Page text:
Marshall Alan Permutt, MD

June 21, 2012

Obituaries

St. Louis, Mo.—M. Alan Permutt, MD, passed away Monday, June 11, 2012 at the age of 72 after a lengthy battle with cancer.

Once asked why he had so many books documenting the trials and tribulations of people attempting to reach the peaks of some of the world’s tallest mountains, Dr. Permutt replied that he enjoyed reading true stories about people overcoming great adversity.

While he never scaled a mountain himself, Dr. Permutt knew a thing or two about adversity. Diagnosed with juvenile diabetes as a teen, Dr. Permutt spent a lifetime managing a disease while becoming one of the nation’s leading diabetes researchers. Dr. Permutt was a professor of medicine and of cell biology and physiology, and the former director of the Diabetes Research and Training Center, at Washington University School of Medicine.

Born and raised in Birmingham, Alabama, Dr. Permutt was known for his enveloping warmth, outgoing personality, a laser-like scientific mind and dedication to his research.

He was as comfortable discussing the minutia of cell biology as he was explaining his preferred method for grilling barbecue ribs. He enjoyed taking in the St. Louis Symphony as much as watching a football game over a corned beef sandwich at Lester’s Sports Bar. His love for his children and grandchildren knew no bounds. He was a respected teacher and mentor to medical residents and lab partners. Many colleagues without family in St. Louis were welcomed into his home to celebrate holidays and enjoy his popular dinner parties.

Dr. Permutt was an avid cyclist and work-out devotee—aerobics and Spinning classes were his favorites—who rarely missed a day of exercise prior to his illness. In 2009 he received the Active Living Award from Trailnet for his “indomitable spirit” and passionate promotion of physical activity as a primary treatment for diabetes.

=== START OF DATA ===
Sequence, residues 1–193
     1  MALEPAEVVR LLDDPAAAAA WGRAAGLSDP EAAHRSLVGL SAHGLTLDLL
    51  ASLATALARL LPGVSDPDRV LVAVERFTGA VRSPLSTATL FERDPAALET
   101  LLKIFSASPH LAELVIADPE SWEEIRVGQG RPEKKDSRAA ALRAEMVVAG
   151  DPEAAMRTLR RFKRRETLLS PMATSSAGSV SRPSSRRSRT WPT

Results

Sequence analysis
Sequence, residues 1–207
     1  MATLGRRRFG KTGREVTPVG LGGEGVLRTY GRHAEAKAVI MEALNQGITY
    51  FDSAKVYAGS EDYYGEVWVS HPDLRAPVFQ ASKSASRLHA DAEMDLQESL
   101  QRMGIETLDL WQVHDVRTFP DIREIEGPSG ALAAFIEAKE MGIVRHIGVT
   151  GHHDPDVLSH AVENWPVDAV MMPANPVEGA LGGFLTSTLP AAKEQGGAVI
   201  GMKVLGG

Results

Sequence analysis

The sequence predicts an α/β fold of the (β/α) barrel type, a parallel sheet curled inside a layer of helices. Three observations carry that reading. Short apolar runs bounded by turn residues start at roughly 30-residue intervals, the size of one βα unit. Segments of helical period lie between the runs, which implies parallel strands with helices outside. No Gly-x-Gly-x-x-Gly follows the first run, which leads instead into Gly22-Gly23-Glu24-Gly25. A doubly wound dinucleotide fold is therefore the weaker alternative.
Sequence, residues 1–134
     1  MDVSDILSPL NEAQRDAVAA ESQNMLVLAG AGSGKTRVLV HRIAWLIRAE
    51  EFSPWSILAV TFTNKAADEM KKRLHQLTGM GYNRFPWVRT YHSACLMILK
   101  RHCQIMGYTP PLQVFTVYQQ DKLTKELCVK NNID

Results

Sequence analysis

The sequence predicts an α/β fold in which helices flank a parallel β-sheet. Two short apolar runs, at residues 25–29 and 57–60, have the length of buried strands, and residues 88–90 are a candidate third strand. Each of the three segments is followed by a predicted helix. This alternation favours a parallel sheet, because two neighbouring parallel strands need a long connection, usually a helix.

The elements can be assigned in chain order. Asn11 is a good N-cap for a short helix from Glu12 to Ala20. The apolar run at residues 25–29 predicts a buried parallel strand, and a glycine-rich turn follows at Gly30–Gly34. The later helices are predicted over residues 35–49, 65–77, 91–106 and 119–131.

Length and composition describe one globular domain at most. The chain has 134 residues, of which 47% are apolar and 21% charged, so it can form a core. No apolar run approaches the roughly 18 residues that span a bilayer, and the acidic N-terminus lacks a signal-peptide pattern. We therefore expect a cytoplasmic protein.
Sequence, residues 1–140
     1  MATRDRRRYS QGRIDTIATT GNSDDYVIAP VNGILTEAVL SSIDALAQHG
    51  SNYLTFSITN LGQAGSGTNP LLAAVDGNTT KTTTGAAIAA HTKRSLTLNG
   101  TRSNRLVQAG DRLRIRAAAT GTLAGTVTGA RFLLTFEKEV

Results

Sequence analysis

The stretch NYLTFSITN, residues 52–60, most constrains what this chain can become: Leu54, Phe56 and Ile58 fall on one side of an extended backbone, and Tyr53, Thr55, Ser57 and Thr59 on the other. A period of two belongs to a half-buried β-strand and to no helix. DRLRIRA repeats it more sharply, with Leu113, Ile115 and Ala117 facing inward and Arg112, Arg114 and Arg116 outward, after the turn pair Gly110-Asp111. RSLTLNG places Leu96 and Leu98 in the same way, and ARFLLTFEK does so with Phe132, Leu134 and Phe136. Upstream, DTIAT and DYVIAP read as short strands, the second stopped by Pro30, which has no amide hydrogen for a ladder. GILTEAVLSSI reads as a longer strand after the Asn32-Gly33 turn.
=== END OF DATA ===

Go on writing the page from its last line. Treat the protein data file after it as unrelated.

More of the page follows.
Dr. Permutt was an investigator or author for more than 200 publications on the genetic and physiological bases of diabetes, according to the medical database PubMed. He was a Howard Hughes Medical Investigator, and twice received the MERIT Status Award from the National Institute of Health, as well as several other distinguished awards relating to diabetes research. Last February, he received the prestigious Daniel P. Schuster Award for Distinguished Work in Clinical and Translational Science from the Washington University School of Medicine, among the highest honors the School of Medicine bestows on faculty.

One particularly significant contribution to medical science as the result of Dr. Permutt’s research team was the discovery of the Wolfram Syndrome gene in 1998. A rare genetic disorder that typically starts as Type 1 diabetes, the disease later deteriorates nerve cells in the eyes, ears and brain, usually resulting in death by age 30.

Years of lab work on Wolfram culminated in perhaps Dr. Permutt’s proudest professional achievement: two years into his cancer diagnosis, he was still able to bring together Wolfram Syndrome patients and their families for the first-ever multidisciplinary testing and assessment clinic in August 2010 in St. Louis.

The inaugural, and subsequent, groups of patients provided researchers with a significant amount of data to better understand the disease in the hopes of one day creating a treatment therapy. Because the disorder is so rare, it was the first time that Dr. Permutt and his researchers had actually met Wolfram patients.

Dr. Permutt was preceded in death by his son, Alex; his mother Marguerite and father James Permutt, his stepmother Alva Shevin Permutt and his brother Stuart Shevin.

Survivors include his daughters Joelle Permutt (Christopher Mumford) and Robin Winer (Todd), dear friend Rhea Oelbaum, grandchildren Abe, Eli, Benny and Alexi, sisters Patti (Jules) Wainger and Jan Shevin, and brother Maury Shevin.

A memorial service was held at Central Reform Congregation, 5020 Waterman Boulevard, St. Louis.

Donations can be made in Dr. Permutt’s memory to The Jack and J.T. Snow Scientific Research Foundation, 17703 Gardenview Place Court, Glencoe, MO, 63038, or via www.snowmanfund.com.

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